With a New Platform This VC Firm Aspires to Make the Asset Class More Accessible to RIAs

“It’s not a matter of if your clients are going to participate in venture capital, it’s a matter of when. And when that happens, are you going to be alongside them as an advisor?” Jud Mackrill, a general partner at Mammoth, said

(Illustration by RIA Intel)

(Illustration by RIA Intel)

A top neurosurgeon, a cardiologist-turned-serial entrepreneur, and three high-profile wealth management executives have started a venture capital firm and are simultaneously developing a platform they say will transform the way RIAs build investment portfolios.

Tommy Martin, a partner and CEO of Vestia Personal Wealth Advisors, a $515 million RIA in Fort Wayne, Ind., is a partial owner or angel investor in more than 35 private companies. Over the years, he’s also helped clients invest in private companies, including one started by Jay Yadav, a Cleveland Clinic physician who hung up his scrubs and became a wealthy entrepreneur behind novel medical treatments and alloys for medical devices.

Yadav, who collected more than 40 patents starting and selling companies, told Martin he wanted to start a venture capital fund when he retired. Martin wanted to be a part of it but didn’t want to wait.

“I called Jay back about two years ago and said ‘Why wait until retirement? Let’s do this now.’”

With a handful of others, they started Mammoth Scientific, a health science and technology venture capital firm currently raising its first fund of $100 million. Martin is the CEO and Yadav is the CIO. Matthew McGirt, a practicing neurosurgeon and consultant with other relevant experience, is VP of clinical and commercial development, and a scientific analyst at the firm.

Among others, two more well-known wealth management executives have also joined Mammoth: Jud and Kim Mackrill. In 2015, the couple started a creative marketing and digital product agency for wealth managers called Mineral Interactive. Carson Group, a $17.6 billion RIA, acquired their company in 2018 and they worked there until January. Now, they run Milemarker, a data and integration consultancy they started, and are serving as Mammoth’s chief experience and chief operating officers.

So, why is a venture capital firm in search of early and growth stage life science and biotech companies interested in the Mackrills? Mammoth’s startups aren’t the only companies that stand to gain from their knowledge and experience in technology and operations.

Mammoth is also building a proprietary platform that will make it easier for qualified and accredited clients of RIAs to gain access to its funds.

Everyone stands to benefit from the platform, according to the venture firm. Making the administrative process less burdensome means more RIAs can invest in Mammoth. In turn, Mammoth will have a bigger pool of investors to raise money from – the “highly underserved” $5.7 trillion RIA market.

The clients of RIAs will also gain access to an asset class that eludes the vast majority of RIAs, even while venture capital deal volume “skyrocketed” this year as mutual funds, hedge funds, corporate investors, and crossover investors pursue it.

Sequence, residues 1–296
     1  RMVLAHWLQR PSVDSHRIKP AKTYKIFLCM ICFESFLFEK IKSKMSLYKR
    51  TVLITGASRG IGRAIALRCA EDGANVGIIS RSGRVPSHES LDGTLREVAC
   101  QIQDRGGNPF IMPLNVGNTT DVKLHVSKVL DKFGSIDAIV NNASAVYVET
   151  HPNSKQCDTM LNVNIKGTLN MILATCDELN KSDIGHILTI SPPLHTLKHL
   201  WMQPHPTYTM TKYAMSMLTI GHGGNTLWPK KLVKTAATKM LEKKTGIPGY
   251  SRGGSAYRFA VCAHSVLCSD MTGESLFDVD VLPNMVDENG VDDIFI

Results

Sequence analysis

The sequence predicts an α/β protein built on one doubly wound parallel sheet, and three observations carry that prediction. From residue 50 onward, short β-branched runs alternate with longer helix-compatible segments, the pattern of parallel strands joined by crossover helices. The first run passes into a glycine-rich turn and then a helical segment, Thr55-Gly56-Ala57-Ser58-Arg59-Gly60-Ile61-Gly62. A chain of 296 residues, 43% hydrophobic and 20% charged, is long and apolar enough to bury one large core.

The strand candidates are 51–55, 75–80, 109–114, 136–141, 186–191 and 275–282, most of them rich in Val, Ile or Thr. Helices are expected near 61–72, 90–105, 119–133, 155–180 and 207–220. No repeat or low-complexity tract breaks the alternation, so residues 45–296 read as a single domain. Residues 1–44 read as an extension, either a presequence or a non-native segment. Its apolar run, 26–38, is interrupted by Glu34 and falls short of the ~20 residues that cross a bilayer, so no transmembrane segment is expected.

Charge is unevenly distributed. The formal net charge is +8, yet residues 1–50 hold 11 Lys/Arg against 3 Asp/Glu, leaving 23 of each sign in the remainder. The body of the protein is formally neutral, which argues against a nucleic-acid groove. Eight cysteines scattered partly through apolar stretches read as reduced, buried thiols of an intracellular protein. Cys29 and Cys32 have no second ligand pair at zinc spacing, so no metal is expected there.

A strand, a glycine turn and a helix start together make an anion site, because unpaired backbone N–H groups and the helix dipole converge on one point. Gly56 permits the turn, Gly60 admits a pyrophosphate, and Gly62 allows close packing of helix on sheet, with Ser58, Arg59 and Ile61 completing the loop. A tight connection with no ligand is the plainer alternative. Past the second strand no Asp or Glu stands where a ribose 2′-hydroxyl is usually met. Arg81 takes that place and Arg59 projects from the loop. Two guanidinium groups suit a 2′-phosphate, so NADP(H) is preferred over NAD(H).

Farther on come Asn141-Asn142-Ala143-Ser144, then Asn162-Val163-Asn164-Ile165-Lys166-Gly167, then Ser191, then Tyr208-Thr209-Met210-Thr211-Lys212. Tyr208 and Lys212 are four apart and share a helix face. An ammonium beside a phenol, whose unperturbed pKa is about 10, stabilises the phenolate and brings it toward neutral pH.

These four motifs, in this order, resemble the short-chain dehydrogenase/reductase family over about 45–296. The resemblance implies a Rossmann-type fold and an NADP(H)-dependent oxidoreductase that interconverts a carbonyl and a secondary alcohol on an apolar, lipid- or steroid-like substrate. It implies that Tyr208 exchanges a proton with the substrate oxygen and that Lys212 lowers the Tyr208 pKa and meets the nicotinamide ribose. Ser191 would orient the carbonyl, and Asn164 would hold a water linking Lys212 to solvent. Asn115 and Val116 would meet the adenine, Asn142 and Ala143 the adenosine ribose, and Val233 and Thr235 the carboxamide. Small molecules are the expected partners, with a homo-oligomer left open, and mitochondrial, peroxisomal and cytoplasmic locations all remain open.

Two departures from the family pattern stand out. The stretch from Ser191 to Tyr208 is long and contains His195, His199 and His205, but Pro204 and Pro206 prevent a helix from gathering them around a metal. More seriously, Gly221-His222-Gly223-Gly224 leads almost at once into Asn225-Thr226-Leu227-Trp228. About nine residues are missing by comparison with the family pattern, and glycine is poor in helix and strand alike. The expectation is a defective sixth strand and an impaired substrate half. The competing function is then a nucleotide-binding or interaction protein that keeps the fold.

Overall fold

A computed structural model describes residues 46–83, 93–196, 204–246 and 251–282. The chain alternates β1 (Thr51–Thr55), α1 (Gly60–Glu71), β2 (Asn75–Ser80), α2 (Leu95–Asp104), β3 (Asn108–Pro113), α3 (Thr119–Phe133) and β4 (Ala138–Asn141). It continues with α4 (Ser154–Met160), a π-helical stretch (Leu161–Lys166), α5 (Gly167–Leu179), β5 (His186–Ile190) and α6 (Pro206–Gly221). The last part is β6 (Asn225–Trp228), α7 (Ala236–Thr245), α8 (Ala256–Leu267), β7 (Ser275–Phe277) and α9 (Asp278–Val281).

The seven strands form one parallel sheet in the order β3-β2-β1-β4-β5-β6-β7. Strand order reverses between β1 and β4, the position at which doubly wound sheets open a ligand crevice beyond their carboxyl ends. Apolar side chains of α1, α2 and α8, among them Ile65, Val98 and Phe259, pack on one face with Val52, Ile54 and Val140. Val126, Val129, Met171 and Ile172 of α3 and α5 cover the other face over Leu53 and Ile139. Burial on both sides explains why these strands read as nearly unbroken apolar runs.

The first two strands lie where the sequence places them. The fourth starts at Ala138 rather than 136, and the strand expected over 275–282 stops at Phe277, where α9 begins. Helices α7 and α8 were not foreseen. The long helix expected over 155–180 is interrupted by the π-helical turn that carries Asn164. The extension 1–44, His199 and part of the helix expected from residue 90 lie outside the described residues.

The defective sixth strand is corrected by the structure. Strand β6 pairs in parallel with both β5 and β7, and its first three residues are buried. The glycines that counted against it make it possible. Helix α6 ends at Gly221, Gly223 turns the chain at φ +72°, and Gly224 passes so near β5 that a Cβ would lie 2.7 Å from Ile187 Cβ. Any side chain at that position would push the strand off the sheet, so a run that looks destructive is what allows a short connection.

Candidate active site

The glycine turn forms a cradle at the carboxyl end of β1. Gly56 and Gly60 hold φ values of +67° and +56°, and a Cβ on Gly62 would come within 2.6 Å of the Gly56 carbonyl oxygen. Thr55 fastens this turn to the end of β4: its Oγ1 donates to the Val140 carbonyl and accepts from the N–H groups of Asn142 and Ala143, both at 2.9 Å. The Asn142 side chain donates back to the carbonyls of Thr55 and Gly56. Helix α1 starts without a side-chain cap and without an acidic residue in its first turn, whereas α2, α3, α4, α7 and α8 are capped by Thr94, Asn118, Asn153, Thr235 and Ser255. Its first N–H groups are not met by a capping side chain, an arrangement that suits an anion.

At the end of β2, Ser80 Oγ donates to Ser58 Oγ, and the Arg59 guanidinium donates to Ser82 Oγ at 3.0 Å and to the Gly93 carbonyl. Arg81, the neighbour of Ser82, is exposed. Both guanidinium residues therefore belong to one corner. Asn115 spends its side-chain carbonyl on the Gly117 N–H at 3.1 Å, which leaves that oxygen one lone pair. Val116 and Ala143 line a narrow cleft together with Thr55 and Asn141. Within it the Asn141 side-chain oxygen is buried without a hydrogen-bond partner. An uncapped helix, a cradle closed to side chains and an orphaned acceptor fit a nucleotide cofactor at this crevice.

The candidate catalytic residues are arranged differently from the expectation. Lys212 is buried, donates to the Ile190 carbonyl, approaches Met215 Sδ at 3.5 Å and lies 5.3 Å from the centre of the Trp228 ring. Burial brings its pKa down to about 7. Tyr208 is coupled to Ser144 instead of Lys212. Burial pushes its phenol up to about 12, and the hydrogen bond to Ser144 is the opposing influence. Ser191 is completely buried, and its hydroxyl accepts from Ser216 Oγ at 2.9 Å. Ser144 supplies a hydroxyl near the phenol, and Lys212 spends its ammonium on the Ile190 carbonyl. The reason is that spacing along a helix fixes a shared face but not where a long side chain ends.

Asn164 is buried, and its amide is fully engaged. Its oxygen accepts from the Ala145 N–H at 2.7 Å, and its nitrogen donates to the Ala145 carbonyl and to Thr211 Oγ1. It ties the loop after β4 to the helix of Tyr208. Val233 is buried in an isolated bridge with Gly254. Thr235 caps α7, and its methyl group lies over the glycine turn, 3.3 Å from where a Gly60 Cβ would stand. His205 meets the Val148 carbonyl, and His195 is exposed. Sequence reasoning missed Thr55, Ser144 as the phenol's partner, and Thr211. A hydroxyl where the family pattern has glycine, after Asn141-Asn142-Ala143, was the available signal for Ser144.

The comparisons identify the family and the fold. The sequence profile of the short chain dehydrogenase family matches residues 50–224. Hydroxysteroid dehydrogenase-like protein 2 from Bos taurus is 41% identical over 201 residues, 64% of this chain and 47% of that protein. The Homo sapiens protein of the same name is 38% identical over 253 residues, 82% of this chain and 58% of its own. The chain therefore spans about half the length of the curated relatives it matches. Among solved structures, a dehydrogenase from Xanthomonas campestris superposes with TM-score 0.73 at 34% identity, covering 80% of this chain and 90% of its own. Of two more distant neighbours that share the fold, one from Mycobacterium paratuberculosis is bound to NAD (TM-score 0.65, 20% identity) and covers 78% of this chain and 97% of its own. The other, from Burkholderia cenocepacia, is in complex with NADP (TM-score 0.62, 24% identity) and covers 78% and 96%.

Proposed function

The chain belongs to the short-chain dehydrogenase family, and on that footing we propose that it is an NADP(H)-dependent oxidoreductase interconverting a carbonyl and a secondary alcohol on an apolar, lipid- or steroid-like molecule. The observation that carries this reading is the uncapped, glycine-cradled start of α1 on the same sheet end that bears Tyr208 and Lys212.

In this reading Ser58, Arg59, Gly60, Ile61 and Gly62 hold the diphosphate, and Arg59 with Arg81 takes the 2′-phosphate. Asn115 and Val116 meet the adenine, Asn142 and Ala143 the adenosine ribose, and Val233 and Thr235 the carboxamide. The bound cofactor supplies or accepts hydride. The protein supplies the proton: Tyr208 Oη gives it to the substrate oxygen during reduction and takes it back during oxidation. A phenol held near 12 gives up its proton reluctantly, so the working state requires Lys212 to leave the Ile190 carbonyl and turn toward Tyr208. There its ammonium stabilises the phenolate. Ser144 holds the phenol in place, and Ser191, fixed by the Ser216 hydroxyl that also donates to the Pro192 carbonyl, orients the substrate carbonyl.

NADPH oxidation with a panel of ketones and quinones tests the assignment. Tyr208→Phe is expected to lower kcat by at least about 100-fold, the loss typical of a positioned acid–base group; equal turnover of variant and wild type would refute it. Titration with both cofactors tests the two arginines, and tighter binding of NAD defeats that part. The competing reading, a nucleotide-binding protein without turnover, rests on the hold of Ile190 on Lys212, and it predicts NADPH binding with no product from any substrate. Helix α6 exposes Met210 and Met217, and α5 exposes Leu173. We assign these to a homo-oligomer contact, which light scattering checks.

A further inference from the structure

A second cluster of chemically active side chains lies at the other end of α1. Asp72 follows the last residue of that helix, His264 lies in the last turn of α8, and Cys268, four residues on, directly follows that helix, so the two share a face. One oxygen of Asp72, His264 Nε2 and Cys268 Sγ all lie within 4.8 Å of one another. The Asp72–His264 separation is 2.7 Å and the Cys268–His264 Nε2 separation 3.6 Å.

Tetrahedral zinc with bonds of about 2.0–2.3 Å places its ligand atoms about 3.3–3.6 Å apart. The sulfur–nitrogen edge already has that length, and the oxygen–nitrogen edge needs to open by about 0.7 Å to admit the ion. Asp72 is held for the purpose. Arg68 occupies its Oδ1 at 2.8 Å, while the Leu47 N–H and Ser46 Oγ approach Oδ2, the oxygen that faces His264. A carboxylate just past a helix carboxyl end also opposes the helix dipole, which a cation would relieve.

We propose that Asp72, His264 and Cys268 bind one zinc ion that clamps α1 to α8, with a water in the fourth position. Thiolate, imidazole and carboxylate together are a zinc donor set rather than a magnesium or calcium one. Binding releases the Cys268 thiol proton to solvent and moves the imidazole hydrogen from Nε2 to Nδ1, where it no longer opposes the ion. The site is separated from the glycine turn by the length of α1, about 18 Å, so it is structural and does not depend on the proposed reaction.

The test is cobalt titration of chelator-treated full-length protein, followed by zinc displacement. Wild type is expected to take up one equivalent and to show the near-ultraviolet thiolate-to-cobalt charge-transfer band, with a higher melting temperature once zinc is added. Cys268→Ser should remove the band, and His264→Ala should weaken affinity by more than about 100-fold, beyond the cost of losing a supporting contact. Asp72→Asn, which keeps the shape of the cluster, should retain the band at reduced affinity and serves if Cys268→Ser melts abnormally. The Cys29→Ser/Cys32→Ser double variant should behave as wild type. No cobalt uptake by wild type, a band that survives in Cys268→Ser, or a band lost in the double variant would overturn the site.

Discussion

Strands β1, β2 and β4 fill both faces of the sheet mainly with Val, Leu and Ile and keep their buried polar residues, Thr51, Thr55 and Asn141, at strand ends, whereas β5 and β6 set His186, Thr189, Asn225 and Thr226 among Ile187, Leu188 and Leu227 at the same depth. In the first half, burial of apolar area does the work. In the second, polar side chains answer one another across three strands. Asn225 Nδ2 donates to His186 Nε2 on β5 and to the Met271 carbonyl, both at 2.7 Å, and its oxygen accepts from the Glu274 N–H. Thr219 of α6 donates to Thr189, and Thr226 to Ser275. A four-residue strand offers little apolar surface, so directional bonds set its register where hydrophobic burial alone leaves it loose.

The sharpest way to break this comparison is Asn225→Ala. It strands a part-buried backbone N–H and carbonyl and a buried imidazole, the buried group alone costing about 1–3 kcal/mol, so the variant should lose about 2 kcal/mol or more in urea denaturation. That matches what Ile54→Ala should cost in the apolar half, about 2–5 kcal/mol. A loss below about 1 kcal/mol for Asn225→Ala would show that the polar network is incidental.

“It’s not a matter of if your clients are going to participate in venture capital, it’s a matter of when. And when that happens, are you going to be alongside them as an advisor?” Jud Mackrill told RIA Intel.

Mammoth’s first fund already has more than 100 limited partners but has “plenty of room” for more and is actively raising money to fill it. “We have built, intentionally, lower than average minimums to allow investors who may not otherwise participate in venture to participate in this fund. We will have future announcements regarding where we are placing those funds,” Mackrill said.

No investor who understands risk management allocates the venture capital sleeve of their portfolio entirely to one fund. RIAs will want to invest in more funds than just Mammoth’s, and the venture firm knows that. Family offices, for example, carve out 10% of their investment portfolios for venture capital, then invest about half that allocation to a variety of funds (the other half they use for direct investments), according to a report by Campden Wealth, a research and networking organization.

Mammoth is only the tip of the alternative investments spear, according to Martin. The plan is to allow other private investment firms to leverage the platform to serve and attract RIAs. “Our ultimate ambition is absolutely to become the preeminent resource for private investments for the RIA channel,” he said.

The firm did not say when exactly it would make the platform broadly available.

Others are working toward similar goals. Proteus Capital offers a turnkey alternative investment platform for RIAs akin to what Mammoth is building. Tribe Capital’s Firstlook program has helped over 1,200 firms and individuals in its network deploy more than $520 million through co-investments in startups across stages, sectors and geography. InvestX is “democratizing pre-IPO private equity” through its trading platform – and alternative asset managers are eager to partner with companies like CAIS and iCapital Network, where more advisors are turning to invest.

Martin acknowledges that venture capital won’t be appropriate for many RIA clients. However, he argues advisors can’t ignore opportunities to improve client portfolios with private equity and private debt, which are broadly considered high-risk investments, even though many are not.

“I hate that our industry calls them alternative investments,” says Martin. “That makes them sound like they are optional.”

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